Paranoid Personality Disorder

Paranoid Personality Disorder is a psychological condition characterised by apprehension and distrust that permeates all of a person's personal and professional relationships. It is rarely diagnosed in children, with the onset usually occurring during adolescence or early adulthood.

It is not yet known what causes Paranoid Personality Disorder. Like many similar mental conditions, it is theorised that both genetic and environmental factors may play a role in its development, but a clear link has yet to be identified. It is noteworthy that, unlike many similar psychological conditions, Paranoid Personality Disorder is not associated with drug use or substance abuse.

A person suffering from Paranoid Personality Disorder has an inherent distrust of others, usually believing that they have an ulterior motive that is malicious, deceitful, or callous. This can range from believing that people are only pretending to like them, to believing that people intend to inflict serious bodily harm on them. The beliefs themselves vary from patient to patient, and relationship to relationship, and are usually overwhelmingly or completely unfounded.

There are a number of symptoms required for a person to be diagnosed with Paranoid Personality Disorder, the first being suspiciousness of others. This suspicion causes the patient to read far too much into trivial details. This leads to another symptom, which is overreacting to certain occurrences, especially personal critiques. People with Paranoid Personality Disorder will often overreact to seemingly harmless comments or jokes, frequently becoming angry, offended, or defensive.

Another major symptom is the tendency to hold onto grudges. Regardless of whether or not the patient has a legitimate reason to be upset with another person, they will see any perceived attack against them as evidence of their beliefs, which causes them to become increasingly suspicious and unforgiving.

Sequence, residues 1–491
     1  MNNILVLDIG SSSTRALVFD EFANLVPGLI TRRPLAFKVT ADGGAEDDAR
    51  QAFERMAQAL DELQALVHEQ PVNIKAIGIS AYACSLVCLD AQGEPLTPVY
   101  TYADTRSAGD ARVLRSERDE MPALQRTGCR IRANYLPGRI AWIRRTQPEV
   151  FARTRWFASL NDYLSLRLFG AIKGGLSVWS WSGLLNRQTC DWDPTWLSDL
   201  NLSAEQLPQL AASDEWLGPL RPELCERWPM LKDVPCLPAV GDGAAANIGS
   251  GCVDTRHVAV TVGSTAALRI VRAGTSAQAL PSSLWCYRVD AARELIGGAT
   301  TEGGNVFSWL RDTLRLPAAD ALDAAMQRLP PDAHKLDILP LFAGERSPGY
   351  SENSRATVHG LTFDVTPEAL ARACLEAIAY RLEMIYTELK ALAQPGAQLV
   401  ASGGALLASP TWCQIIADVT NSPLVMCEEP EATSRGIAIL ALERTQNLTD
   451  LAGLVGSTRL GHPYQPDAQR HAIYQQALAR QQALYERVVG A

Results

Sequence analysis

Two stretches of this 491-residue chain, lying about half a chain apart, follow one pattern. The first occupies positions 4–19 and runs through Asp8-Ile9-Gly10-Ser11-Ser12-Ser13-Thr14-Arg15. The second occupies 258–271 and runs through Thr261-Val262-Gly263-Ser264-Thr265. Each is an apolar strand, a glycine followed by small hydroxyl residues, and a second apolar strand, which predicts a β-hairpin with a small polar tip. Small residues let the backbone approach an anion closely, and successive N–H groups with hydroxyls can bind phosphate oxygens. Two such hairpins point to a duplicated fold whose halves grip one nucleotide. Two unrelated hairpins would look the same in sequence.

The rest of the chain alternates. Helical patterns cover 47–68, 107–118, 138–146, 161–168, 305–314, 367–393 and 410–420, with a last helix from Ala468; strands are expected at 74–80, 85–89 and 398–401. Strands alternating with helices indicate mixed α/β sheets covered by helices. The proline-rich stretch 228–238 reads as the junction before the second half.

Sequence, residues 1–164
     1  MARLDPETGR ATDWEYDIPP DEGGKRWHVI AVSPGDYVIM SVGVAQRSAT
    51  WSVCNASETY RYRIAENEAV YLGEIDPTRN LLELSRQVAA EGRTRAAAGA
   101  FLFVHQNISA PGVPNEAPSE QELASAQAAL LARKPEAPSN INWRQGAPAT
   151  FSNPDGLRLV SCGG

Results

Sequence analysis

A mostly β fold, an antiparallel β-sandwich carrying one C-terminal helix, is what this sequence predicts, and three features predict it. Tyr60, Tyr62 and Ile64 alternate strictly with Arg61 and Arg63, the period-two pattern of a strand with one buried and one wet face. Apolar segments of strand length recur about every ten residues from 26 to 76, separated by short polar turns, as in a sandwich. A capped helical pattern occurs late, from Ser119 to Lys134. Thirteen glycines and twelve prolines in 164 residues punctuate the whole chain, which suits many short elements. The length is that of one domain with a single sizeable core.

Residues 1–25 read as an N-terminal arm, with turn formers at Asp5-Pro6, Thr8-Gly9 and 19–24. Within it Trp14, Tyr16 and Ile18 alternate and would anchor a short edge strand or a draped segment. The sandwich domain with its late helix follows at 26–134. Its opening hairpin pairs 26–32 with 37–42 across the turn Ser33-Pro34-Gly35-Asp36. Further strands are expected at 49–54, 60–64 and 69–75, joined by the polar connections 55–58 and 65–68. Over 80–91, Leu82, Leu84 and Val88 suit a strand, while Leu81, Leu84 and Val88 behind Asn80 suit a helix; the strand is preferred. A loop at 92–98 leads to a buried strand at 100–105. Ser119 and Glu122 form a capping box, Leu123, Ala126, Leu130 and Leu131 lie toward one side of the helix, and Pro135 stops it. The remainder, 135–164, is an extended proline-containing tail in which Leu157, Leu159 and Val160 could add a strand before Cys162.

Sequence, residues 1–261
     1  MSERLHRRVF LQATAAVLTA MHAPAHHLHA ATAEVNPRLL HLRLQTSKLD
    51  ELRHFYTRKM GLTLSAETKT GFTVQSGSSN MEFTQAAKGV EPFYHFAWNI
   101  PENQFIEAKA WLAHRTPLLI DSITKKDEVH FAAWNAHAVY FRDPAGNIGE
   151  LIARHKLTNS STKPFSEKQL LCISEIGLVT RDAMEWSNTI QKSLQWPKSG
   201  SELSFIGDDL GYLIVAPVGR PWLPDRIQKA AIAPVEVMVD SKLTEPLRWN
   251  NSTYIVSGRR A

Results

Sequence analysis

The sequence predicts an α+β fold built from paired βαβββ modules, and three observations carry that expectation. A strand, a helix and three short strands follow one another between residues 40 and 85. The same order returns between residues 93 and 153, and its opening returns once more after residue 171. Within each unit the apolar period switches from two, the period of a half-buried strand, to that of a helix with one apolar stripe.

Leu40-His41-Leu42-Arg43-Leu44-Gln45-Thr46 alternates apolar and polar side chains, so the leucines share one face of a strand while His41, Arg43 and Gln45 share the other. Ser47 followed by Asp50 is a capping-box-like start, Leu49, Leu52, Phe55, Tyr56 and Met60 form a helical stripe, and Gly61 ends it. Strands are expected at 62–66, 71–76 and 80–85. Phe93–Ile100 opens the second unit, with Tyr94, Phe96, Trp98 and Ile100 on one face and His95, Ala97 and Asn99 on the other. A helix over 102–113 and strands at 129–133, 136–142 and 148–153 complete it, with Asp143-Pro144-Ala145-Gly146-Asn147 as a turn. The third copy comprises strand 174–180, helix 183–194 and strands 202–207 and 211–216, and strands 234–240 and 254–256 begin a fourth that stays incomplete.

All of the above symptoms lead to the patient ostracising themselves from others, and becoming increasingly concerned about themselves, believing that they have to look after themselves because nobody else will. A lack of humour is emblematic of this isolation and self-concern, as they believe either that jokes are being made at their expense, or because they are making a conscious effort to distance themselves from others by being cold. This usually leads to the patient treating people rudely and angrily.

As you might expect, people who suffer from Paranoid Personality Disorder are preoccupied with the people they suspect, and spend a large amount of their time worrying about others. Therefore, in their minds, self-imposed isolation is the best way to tackle this fixation. However, this is a very degenerative and harmful course of action that only increases the risks posed to both their mental and physical health.

Paranoid Personality Disorder is, by definition, a difficult condition to treat, as those who suffer from it are extremely unlikely to seek help or form a productive relationship with their therapist. That is not to say that treatment is ineffective, but it is a condition that will require long-term therapy. Symptoms also tend to diminish gradually over time, especially towards middle age, making therapy a more viable option with an increased chance of success.